NEW YORK (MainStreet) -- Hold onto your wallet. Giant German carrier Lufthansa - a top ten global airline by any measure - recently announced it will whack fliers who use online channels other than Lufthansa’s to book a flight with a 16 euro fee (approximately $18).
In a statement, Lufthansa said the fee will kick in on September 1, and it explained the fee as its way to recoup costs it incurred in allowing third parties to book through its digital channels. Lufthansa accordingly calls the surcharge DCC, which it explained means Distribution Cost Charge.
The big questions: Will you pay it? Are there ways around it? Will other carriers follow?
For starters: breathe easy. Industry sources indicated that so far there are no indications that Lufthansa flights booked via the United Airlines (UAL) site will be assessed the fee, and, for North American travelers, that is where many Lufthansa flights (code-shared with United) are in fact booked.
Lufthansa, in its statement, itemized where else consumers can book tickets without incurring fees: “This predominately [sic] includes the airlines’ websites (www.LH.com, www.swiss.com, www.austrian.com, www.brusselsairlines.com), as well as the service center and ticket counter at the airports.”
In at least some cases, tickets booked via travel agents, as well as Lufthansa corporate customers, will not incur the surcharge.
U.S. travel agents and corporate travel managers are nonetheless not happy.
“I think [Lufthansa] has it wrong," said David LeCompte, president of Short's Travel Management, a corporate travel management company. "All the non-travel channels that I can think of don’t penalize the user for where they purchase their product/service. Instead, the manufacturer/service provider makes more money on direct sales and less on non-direct sales -- maybe [Lufthansa] can’t attract more travelers to its site, so it is trying to push people there with this fee for booking elsewhere.”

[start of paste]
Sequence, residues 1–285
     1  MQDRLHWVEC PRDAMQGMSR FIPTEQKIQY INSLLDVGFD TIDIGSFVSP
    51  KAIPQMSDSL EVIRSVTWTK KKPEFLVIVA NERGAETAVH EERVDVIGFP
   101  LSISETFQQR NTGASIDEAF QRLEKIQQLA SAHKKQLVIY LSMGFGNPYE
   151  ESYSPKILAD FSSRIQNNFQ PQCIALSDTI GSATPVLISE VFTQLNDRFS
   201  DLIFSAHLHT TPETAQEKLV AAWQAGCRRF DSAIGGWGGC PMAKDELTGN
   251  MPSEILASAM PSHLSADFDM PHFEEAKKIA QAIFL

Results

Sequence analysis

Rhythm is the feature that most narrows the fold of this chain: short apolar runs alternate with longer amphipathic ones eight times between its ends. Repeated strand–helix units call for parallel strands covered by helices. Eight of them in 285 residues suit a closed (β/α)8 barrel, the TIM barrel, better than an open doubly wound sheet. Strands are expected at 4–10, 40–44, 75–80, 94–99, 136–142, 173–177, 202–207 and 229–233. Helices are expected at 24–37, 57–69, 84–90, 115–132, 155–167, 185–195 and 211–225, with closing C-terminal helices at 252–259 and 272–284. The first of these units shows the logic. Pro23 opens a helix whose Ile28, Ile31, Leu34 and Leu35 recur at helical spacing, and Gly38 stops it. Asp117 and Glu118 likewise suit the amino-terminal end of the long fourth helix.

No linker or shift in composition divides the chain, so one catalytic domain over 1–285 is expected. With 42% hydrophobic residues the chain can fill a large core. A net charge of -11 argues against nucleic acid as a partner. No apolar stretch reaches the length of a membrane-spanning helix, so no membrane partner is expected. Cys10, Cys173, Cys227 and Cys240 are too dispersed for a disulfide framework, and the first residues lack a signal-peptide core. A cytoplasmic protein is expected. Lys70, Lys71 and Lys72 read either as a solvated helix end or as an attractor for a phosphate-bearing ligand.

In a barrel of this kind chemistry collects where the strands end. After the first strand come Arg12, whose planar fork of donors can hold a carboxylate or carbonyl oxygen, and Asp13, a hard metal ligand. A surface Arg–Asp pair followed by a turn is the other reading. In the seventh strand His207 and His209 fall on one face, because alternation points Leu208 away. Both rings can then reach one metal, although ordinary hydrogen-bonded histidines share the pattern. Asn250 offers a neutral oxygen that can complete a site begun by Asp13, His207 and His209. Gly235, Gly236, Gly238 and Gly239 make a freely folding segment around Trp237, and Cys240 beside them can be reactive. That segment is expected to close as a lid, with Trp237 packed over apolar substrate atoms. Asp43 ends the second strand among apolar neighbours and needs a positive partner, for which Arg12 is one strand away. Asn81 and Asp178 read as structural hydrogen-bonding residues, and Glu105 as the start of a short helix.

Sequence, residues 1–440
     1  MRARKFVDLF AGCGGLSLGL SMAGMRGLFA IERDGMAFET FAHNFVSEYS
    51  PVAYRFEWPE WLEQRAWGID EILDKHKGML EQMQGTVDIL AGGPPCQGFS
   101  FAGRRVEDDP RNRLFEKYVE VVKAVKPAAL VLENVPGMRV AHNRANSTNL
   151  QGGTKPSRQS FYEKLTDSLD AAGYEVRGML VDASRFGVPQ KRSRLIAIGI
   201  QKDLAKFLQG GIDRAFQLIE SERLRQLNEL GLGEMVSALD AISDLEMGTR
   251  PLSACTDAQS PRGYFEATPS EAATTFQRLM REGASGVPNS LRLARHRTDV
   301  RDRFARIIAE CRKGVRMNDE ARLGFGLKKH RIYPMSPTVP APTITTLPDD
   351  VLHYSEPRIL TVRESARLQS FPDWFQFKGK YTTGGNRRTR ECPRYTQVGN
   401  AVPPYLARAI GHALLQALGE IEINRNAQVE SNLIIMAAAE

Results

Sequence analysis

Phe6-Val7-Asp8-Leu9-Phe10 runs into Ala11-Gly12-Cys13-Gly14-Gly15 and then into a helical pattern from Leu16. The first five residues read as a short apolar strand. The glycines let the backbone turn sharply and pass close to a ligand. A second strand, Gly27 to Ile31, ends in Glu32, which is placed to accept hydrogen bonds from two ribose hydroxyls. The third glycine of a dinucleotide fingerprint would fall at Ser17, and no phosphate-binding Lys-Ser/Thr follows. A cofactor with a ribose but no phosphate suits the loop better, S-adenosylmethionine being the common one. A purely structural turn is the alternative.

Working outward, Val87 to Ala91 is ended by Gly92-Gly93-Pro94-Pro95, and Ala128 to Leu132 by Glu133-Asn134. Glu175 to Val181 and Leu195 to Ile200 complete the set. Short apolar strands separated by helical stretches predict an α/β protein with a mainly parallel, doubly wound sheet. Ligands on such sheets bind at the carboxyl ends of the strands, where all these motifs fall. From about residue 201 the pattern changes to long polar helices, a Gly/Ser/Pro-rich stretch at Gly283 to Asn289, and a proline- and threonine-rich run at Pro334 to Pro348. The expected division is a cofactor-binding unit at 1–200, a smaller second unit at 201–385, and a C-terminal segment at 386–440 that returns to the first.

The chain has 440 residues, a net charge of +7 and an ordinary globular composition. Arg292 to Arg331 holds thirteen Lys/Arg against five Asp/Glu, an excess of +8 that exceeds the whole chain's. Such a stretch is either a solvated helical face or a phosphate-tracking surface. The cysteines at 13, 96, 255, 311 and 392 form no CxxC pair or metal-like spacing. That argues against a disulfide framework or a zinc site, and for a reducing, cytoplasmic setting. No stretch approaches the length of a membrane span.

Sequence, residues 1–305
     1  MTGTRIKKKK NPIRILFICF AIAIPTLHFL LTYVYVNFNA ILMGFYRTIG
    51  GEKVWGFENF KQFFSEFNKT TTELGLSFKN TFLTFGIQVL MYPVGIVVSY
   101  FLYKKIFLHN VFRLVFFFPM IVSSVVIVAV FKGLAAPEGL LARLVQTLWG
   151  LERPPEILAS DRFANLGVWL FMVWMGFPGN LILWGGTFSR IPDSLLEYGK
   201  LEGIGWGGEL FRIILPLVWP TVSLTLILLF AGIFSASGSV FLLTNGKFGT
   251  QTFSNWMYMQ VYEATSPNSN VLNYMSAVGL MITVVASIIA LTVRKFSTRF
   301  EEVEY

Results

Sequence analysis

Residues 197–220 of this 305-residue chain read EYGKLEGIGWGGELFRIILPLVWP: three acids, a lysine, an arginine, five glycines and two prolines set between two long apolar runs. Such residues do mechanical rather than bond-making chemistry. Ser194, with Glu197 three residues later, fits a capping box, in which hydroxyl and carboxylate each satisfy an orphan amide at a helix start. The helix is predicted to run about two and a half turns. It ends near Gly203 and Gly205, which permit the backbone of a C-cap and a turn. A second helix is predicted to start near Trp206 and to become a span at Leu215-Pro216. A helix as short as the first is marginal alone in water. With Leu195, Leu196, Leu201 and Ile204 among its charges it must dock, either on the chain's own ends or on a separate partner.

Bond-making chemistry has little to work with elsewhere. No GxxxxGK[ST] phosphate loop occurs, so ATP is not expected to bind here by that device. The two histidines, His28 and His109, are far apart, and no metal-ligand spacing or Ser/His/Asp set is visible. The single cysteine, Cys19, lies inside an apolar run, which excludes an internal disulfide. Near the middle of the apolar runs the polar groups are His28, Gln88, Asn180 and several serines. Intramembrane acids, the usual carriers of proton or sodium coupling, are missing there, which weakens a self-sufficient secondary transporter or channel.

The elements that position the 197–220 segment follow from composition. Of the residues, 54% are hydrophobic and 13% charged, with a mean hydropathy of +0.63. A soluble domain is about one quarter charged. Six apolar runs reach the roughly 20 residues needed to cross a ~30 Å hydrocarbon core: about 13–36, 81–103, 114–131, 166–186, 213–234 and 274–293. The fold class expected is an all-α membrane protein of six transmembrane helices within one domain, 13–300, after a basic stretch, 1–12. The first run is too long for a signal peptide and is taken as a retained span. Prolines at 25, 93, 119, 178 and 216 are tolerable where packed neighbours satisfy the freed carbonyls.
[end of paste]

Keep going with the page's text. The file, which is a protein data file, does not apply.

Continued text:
So, why is Lufthansa doing this? William Frye, an associate professor at Niagara University’s College of Hospitality and Tourism Management, offered his take on how the airline is taking a firm stand to protect its bottom-line and potentially enhance the customer experience.
"In my opinion, this is a strategy by Lufthansa to re-direct travelers to book their own reservations directly with the air carrier so Lufthansa can avoid paying commission to travel agents, online travel agencies, wholesalers and intermediaries," he said. "By dealing directly with the passenger, Lufthansa can potentially leverage the relationship to exert greater control over the consumer, seek out additional ancillary revenue opportunities, and streamlined their distribution channel process.”
A key, added Frye, is that in the last few years airlines have vaulted into substantial profitability not so much by selling seats as by collecting what they call “ancillary fees.” That’s everything from seat upgrades to checked baggage and also onboard snacks and WiFi - most of which airlines also now aggressively sell through their own online booking channels, typically at some discount from inflight prices to induce passengers to buy now, when they book. Third parties typically do not offer that same array of upgrades for sale when booking a flight. Airlines, suggested Frye, want to keep that cashflow coming in and if that means redirecting bookings to their own channels, so be it.
Which makes the real question: Can Lufthansa make this stick? Frye pointed out that a few years ago European discount carrier Ryanair announced a possible fee for lavatory usage - then backtracked because of public outrage. Another factor: absolutely no other carrier followed suit.
“If others follow Lufthansa, yes, they can make this stick,” said business travel expert Joe Brancatelli, who blogs at JoeSentMe.com.
Delta Air Lines (DAL), which has declared its own war on online travel agencies, last week at a Deutsche Bank conference in Chicago, indicated that it had its booking fees under control and, apparently, had no intent to follow Lufthansa.
Several other carriers - notably Air France-KLM - told news agency Reuters the company is at least considering following Lufthansa. But know this: If airlines think they can collect the fee from docile fliers, they will. That’s what Lufthansa is betting on.
They just may win this bet.
"There always has to be one carrier that tests the waters," said Frye. "Other carriers may be watching this, to see the fall-out."